The original brochure produced by the CIC does not make clear that the Major’s 25-years’ service included a period as a reservist. The clarification now obtained by The Herald seems to tally with a possible chronology that Major Faversham-Pullen left the regular forces in or around 2005, completed a law degree and THEN founded the charity D-Day Revisited.

A SERIES OF COINCIDENCES

Jac o’the North, whose blog often examines the housing issues affecting Wales, drew attention to an unusual coincidence in the address of Camp Valour CIC and a dissolved company called Baron Security (UK) Ltd.

The sole director of Baron Security (UK) Ltd is shown as Sean Keven Patrick Pullen.

Sean Keven Patrick Pullen’s date of birth is shown as August 1974 in the information filed at Companies’ House.

The address of Baron Security (UK) Ltd is the same as that for Camp Valour CIC.

We put the coincidence to Camp Valour CIC.

Nicola Wilcox told us: “Sean Pullen and Fabian Faversham-Pullen are twin brothers evidence of this can be provided. They have both been supporters of the RBL both in the UK and overseas. Sean did indeed own a security company; however, this company failed. After retiring from the RBL in January, he lives and manages a company in Gibraltar.

Sometime ago Fabian took over some of Sean’s duties whilst Sean pursued other interests. This includes Sean’s place as treasurer of the D-DayRevisited charity. The charity is due to close this year due to the ageing population of Veterans.
“Sean has no connection to Camp Valour and Fabian had no connection to Baron Security.”

Ms Wilcox also confirmed that Major Faversham-Pullen served in the forces using his mother’s maiden name.

The clarification that Sean Keven Patrick Pullen and Fabian Sean Lucien Faversham-Pullen are twin brothers with a forename in common, both former service personnel active in the Royal British Legion, and both connected to bodies using the same registered office addresses the issue of identity raised by Jac o’ the North.

After expressing concern that the CIC had been “subjected to a witch hunt that is making us question if Camp Valour has made a wise decision in choosing to restore Fort Hubberstone”, Nicola Wilcox also told The Herald: ‘Camp Valour C.I.C will be making an official complaint to Pembrokeshire County Council regarding the behaviour of Cllr Mike Stoddart, and his abuse of position in his seat of authority.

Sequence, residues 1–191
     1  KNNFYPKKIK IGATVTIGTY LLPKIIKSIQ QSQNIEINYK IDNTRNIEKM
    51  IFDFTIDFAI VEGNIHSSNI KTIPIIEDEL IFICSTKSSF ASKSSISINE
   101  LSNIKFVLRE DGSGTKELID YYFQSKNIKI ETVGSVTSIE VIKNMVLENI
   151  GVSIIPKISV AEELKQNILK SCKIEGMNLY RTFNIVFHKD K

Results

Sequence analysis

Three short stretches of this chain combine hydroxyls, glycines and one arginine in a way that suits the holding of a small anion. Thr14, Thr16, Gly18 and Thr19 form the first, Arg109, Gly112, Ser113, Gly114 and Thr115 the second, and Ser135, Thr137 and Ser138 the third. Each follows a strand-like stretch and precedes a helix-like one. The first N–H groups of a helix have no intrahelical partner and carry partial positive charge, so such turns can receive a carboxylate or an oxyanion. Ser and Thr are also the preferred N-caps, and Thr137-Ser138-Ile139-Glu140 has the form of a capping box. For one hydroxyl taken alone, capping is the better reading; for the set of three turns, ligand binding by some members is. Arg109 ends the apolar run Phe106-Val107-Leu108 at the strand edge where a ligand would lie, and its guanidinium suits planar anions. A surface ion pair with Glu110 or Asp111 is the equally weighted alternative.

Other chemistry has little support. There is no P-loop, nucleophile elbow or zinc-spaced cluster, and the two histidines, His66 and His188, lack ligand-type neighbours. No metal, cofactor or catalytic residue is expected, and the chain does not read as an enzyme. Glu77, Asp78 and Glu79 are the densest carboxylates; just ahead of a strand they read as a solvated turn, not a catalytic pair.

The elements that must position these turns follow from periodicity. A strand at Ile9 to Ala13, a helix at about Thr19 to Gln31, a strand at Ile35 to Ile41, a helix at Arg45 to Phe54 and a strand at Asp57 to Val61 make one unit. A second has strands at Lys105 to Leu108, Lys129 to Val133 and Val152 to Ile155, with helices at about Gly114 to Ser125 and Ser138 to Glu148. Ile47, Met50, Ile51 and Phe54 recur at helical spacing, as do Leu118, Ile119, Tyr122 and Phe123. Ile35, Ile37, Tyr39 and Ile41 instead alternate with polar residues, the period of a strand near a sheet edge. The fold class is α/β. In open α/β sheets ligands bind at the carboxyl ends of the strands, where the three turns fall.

‘We are furthermore undertaking legal advice to ascertain what can be done about the lies and mistruths initiated by Royston Jones (Jack o the North) and Cllr Stoddart.’

CAMP VALOUR THANKS THE HERALD

Local councillors had raised concerns about the accommodation available to house servicemen in need and the pressure on local services that would come with such a large influx of people into one Council ward.

Mike Stoddart pointed out at the public meeting that the fact that the Fort was designed to accommodate 250 people in the nineteenth century, does not mean it meets the standards for accommodating that number in the twenty-first.

Cllr Rhys Sinnett enquired about the impact on local health and welfare services but was told medical care would be delivered by specialists ‘in-house’ at the Fort.

Nicola Wilcox said to us that the organisation was concerned about negative attitudes towards its project and could reconsider the scheme.

However, in spite of BBC reports, a spokesperson calling herself ‘Nicola’ and asking for her surname to be omitted from publication issued a statement to another newspaper confirming Camp Valour’s commitment and complaining “[W[e have been under constant attack from a local paper where they are putting two and two together and making nine.”

We do not know which local newspaper that could possibly be.

In an email to this writer, Camp Valour’s Chief Operations Officer, Nicola Wilcox, said: “I am happy that you have at least allowed Camp Valour the opportunity to respond to these ludicrous insinuations from various parties.”

We reassured Ms Wilcox that this article relates solely to ‘questions which you have answered and raised points which you have clarified.’

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Police ask for help following death of 25-year-old woman on Dredgeman Hill

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POLICE have issued an appeal for a driver who picked up a 25-year-old woman at the junction of Glebelands and the A4076 in Johnston, Pembrokeshire, at around 8.30pm on February 20 to come forward.

The appeal is being made as part of the investigation into the fatal road traffic collision that happened at 11.10pm that same date at Dredgeman Hill, Haverfordwest.

Officers are keen to speak to the person who picked up the female at the A4076 and Glebelands junction, which is opposite the Nisa store, at around 8.30pm. As part of the investigation, they are trying to establish the movements of the 25-year-old prior to the collision. Please get in touch by calling 101 and ask for the serious collision investigation team.